The therapy disappeared from the United States by the 1970s.

3. Lobotomies

Not sure what the word “lobotomy” means? Well, let’s look at its origins: “lobe” means part of the brain, and “tomy” is a medical suffix for cutting. So, that means…

…oh. Oh, dear.

Yes, a lobotomy is just that: Removing a piece of the brain in order to make the rest of it function better.

Clearly, the logic here is wanting. Broken arm? Cut it off. Twisted your ankle? Time to amputate!

How they thought it worked:

Back in the day (as recently as the 1950s), lobotomies were used for the treatment of a variety of mental illnesses, including schizophrenia and bipolar disorders (then called manic depression). It was invented in by Dr. Antonio Egas Moniz in 1935. Fun fact: Moniz was awarded to Nobel Prize for Medicine in 1949 for the lobotomy – a move so out of step with reality that there was an unsuccessful effort to revoke the Prize from Moniz.

In the first lobotomies, known as “ice-pick lobotomies” (yes, really):

“As those who watched the procedure described it, a patient would be rendered unconscious by electroshock. Freeman would then take a sharp ice pick-like instrument, insert it above the patient’s eyeball through the orbit of the eye, into the frontal lobes of the brain, moving the instrument back and forth. Then he would do the same thing on the other side of the face.”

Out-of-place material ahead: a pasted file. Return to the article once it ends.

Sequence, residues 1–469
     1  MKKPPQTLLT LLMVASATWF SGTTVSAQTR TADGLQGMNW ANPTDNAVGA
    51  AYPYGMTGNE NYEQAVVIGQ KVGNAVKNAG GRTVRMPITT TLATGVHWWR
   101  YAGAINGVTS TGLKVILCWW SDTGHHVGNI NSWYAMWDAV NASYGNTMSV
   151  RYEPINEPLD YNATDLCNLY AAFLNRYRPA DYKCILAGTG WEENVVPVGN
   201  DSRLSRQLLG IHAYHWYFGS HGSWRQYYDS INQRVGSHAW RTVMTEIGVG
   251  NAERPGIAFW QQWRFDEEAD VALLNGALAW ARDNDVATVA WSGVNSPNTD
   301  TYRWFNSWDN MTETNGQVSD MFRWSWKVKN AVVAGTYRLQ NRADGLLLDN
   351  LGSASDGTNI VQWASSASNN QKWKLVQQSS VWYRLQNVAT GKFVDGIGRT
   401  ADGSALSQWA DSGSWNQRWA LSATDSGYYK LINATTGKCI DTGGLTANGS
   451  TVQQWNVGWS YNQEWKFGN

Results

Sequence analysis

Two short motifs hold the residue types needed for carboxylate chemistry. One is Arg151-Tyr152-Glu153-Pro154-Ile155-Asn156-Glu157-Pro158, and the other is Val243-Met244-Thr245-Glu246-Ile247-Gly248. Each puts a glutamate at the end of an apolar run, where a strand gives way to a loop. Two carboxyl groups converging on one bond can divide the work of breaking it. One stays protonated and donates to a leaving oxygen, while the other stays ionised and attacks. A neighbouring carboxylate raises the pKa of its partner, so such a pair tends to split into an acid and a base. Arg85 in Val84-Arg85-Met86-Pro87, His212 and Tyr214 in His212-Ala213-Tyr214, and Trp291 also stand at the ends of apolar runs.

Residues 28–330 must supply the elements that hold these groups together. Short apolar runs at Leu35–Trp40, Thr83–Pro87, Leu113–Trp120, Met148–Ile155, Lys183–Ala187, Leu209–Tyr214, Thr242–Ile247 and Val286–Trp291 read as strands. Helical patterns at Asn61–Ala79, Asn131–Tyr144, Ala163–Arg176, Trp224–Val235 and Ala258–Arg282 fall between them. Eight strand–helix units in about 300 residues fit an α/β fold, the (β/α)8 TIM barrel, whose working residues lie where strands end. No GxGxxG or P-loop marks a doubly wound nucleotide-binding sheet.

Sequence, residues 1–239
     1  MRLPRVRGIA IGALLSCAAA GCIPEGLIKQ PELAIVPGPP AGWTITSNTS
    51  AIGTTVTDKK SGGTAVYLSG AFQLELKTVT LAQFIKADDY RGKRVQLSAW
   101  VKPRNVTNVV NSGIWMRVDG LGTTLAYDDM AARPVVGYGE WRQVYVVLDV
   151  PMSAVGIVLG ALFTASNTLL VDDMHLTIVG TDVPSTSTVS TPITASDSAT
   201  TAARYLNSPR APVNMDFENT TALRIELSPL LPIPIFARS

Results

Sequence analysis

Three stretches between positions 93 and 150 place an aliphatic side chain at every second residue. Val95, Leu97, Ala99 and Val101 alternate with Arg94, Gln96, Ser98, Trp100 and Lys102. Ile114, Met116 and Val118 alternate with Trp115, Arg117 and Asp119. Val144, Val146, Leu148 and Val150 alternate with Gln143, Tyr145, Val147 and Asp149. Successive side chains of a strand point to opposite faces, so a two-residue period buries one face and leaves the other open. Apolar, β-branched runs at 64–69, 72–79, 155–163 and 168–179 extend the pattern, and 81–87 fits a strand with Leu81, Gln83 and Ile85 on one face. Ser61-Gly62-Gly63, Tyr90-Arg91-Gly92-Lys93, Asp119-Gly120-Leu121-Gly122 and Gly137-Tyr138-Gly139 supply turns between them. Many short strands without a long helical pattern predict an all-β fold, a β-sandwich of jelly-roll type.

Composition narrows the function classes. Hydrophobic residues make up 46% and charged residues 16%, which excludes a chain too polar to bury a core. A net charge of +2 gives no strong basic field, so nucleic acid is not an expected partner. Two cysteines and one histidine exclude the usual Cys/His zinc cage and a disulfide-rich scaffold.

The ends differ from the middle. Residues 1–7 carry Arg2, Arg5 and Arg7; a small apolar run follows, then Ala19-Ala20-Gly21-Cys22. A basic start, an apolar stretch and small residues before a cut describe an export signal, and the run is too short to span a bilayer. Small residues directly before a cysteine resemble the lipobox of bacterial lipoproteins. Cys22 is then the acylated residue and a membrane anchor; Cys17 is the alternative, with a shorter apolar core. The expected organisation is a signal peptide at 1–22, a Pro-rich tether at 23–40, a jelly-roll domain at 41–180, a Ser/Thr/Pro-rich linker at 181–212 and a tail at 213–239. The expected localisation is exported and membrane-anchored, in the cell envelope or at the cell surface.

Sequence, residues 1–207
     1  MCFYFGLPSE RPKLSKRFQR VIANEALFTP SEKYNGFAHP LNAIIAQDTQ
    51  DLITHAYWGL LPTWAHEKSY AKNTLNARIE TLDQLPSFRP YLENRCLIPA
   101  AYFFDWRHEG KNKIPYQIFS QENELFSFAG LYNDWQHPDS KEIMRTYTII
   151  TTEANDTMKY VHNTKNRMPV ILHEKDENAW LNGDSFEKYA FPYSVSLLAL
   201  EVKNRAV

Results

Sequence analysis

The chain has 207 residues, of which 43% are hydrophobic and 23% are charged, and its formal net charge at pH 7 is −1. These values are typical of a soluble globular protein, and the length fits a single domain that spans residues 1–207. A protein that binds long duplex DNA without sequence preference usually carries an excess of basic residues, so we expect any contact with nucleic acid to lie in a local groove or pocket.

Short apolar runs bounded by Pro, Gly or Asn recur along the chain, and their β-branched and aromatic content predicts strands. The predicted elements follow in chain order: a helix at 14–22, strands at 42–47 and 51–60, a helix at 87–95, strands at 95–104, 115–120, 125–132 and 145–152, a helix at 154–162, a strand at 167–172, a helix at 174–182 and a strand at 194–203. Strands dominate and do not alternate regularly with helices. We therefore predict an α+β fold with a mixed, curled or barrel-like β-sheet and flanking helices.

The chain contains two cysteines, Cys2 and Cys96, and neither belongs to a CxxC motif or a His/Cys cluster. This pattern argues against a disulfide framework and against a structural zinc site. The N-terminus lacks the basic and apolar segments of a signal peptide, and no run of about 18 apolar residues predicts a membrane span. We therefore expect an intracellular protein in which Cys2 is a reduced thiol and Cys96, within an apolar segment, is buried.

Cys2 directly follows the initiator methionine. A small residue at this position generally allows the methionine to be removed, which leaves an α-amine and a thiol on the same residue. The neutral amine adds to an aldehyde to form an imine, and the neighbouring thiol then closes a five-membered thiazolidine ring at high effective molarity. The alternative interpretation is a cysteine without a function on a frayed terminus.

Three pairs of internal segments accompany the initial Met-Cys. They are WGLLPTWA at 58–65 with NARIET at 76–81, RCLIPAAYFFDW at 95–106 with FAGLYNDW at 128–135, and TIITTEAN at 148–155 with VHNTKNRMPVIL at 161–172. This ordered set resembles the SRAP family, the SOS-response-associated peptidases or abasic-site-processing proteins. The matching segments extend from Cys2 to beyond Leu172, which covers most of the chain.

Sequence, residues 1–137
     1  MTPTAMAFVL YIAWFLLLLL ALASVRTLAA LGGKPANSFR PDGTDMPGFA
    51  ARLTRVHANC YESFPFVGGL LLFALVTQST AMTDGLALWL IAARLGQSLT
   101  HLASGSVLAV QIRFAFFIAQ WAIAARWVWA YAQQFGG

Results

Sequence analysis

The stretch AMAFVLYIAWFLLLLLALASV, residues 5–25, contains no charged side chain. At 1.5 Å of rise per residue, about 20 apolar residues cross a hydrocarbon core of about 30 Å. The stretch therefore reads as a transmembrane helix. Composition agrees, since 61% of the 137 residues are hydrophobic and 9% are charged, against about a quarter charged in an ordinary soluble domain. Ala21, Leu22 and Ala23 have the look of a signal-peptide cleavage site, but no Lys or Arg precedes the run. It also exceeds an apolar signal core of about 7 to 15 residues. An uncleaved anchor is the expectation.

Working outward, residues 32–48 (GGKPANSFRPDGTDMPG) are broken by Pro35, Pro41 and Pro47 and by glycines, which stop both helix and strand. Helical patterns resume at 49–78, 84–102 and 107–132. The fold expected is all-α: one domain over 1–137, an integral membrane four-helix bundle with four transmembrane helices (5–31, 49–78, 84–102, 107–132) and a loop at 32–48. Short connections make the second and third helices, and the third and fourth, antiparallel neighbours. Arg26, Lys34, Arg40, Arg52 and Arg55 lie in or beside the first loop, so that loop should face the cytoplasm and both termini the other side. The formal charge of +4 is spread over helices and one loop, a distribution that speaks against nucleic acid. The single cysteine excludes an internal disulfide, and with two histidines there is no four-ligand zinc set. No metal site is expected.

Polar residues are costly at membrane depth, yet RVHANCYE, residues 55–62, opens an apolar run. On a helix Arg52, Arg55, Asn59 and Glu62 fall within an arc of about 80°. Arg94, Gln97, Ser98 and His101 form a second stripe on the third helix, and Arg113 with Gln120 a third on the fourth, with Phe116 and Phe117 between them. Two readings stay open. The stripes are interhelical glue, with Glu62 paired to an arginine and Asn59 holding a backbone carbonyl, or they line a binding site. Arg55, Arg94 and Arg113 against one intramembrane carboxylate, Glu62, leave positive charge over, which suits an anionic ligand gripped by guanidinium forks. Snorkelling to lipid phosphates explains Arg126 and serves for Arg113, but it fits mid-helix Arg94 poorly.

In the end, an estimated 50,000 lobotomies were performed in the United States.

But, actually…

According to Dr. Barron Lerner, a medical historian and professor, “The main long-term side effect was mental dullness,” which included damage to a person’s “personality, inhabitations, empathy and ability to function on their own.” Another contemporary source found that a mere 1/3 of people benefitted, while 1/3 had no change, and 1/3 were made worse. So, a cure with a 1:1 chance of doing more harm than good. Neat.

Some patients did show an improvement in their mental illness. But many showed an overall loss in emotions. It got so bad that the Soviet Union – not exactly known as a vanguard of human or civil rights – banned the practice in 1950. Fortunately, as a result of increasing concerns over the operation and the advent of successful anti-psychosis drugs, lobotomies largely fell out of favor in the 1950s.

Religion and suicide

About two weeks ago, I was able to participate in a Jewish Federation event on mental health and stigma. The participants included myself, a psychologist, the head of our local NAMI Chapter and a Rabbi. Much of the information I heard during this presentation was things that I had heard before, but the newest perspective actually came from the Rabbi, who discussed what happens with Jews who do die by suicide.

Apparently, in Judaism (like many other religions), a strict interpretation of suicide views the action as a major sin, and those Jews should not be buried in a Jewish cemetery. Thankfully, this Rabbi believes (like many others) that those who do die by suicide are clearly ill at the time of their death; thus, they should not be “punished” for that action and should be allowed to be buried in a Jewish cemetery.